CANADA FX DEBT-C$ strengthens to near 6-month high as oil rallies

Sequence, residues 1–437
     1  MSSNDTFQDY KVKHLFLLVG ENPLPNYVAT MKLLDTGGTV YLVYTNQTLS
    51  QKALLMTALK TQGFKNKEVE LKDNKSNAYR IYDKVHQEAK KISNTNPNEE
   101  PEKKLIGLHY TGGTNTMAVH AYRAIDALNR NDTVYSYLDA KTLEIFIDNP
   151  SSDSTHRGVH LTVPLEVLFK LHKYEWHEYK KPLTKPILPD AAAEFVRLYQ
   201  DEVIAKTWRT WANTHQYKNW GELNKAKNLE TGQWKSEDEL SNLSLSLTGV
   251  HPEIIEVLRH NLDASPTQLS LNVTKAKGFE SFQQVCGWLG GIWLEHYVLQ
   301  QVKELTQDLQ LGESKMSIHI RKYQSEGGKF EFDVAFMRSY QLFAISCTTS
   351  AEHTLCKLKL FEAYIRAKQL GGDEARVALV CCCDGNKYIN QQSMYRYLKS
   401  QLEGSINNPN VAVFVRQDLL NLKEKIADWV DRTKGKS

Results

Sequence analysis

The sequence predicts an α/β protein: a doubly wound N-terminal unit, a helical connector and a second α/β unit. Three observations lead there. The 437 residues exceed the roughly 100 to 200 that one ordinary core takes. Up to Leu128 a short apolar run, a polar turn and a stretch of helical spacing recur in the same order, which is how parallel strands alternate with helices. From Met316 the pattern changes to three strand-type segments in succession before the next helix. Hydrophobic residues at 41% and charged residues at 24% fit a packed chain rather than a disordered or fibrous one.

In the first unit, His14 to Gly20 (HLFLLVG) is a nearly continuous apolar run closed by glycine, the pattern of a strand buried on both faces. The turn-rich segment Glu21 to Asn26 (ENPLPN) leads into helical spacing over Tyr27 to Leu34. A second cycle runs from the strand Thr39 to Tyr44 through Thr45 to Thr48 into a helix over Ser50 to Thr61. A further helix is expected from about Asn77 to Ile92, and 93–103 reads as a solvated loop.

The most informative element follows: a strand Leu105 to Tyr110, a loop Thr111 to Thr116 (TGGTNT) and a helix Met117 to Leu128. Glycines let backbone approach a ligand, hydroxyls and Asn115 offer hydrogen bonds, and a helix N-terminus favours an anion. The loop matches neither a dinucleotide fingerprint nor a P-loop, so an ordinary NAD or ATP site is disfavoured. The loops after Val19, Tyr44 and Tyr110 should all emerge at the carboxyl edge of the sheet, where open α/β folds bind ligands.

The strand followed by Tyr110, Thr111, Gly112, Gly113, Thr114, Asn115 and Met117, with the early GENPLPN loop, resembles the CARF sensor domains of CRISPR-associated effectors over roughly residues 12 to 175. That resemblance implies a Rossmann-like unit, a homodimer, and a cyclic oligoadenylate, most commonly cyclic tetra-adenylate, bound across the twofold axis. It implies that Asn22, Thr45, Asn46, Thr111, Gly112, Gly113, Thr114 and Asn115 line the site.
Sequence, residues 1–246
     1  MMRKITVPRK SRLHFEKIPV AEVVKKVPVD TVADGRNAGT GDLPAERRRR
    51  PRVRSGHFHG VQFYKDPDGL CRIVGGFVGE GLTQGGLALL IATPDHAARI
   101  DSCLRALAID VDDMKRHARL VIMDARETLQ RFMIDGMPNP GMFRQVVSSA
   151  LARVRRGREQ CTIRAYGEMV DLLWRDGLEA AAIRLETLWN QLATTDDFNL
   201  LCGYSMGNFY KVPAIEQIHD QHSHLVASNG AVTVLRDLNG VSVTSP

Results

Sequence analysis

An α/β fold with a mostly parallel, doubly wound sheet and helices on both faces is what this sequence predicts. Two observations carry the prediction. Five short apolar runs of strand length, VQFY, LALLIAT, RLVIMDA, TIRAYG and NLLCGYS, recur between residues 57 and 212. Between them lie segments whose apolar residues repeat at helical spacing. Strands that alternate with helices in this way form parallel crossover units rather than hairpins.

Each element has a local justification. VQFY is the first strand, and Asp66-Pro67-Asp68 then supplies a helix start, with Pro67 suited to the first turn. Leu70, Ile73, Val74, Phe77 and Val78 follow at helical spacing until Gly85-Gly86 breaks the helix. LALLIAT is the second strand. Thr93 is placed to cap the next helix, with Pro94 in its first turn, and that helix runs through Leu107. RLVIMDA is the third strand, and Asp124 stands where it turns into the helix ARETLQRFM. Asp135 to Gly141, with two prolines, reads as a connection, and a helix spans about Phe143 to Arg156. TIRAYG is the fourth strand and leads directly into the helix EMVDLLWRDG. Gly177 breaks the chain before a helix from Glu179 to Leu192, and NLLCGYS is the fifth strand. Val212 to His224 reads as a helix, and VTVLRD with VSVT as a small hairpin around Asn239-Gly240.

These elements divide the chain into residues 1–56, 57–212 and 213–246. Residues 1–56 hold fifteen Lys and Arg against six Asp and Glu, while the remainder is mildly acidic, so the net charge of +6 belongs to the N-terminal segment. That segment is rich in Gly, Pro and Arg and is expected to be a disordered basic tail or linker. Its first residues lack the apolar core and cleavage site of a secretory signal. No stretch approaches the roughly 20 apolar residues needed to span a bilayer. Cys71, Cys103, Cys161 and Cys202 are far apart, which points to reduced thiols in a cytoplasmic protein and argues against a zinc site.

* Canadian dollar at C$1.2881, or 77.63 U.S. cents * Bond prices lower across steeper maturity curve TORONTO, April 12 (Reuters) - The Canadian dollar strengthened to an almost six-month high against its U.S. counterpart on Tuesday as higher oil prices improved Canada's economic outlook one day before the Bank of Canada's interest rate announcement. Oil rose above $43 a barrel to its highest level so far in 2016, supported by hopes that a meeting of oil producers will agree steps to tackle a supply glut, a weak U.S. dollar and further signs of strong demand in China. U.S. crude prices were up 0.50 percent to $40.56 a barrel, while Brent crude added 1.03 percent to $43.27. The view that "China's economy is stabilizing" has helped support dollar-bloc currencies such as the Canadian dollar, according to a research note on Tuesday from Brown Brothers Harriman. At 9:22 a.m. EDT (1322 GMT), the Canadian dollar was trading at C$1.2881 to the greenback, or 77.63 U.S. cents, stronger than Monday's close of C$1.2899, or 77.53 U.S. cents. The currency's weakest level of the session was C$1.2921, while it touched its strongest since Oct. 15 last year at C$1.2851. The currency has rebounded 14 percent since hitting in January a 12-year low at C$1.4689, supported by a partial recovery in oil prices, the Canadian government's plan for fiscal stimulus and sharply reduced expectations for Bank of Canada rate cuts. The implied probability of a Bank of Canada interest rate cut this year has dropped to 10 percent from more than 50 percent at the start of March. A run of better-than-expected economic data at the start of the year has also been supportive of the loonie, including employment data on Friday showing the creation of 40,600 jobs in March. However, Bank of Canada Governor Stephen Poloz is expected to talk up economic risks and play down signs of stronger growth when the central bank sets interest rates on Wednesday, anxious to keep a recovering currency from choking off exports. Canadian government bond prices were lower across the maturity curve in sympathy with U.S. Treasuries. The two-year price fell 3 Canadian cents to yield 0.572 percent and the benchmark 10-year was down 28 Canadian cents to yield 1.27 percent. The curve steepened, as the spread between the 2-year and 10-year yields widened by 1.6 basis points to 69.8 basis points, indicating underperformance for longer-dated maturities. (Reporting by Fergal Smith; Editing by Meredith Mazzilli)
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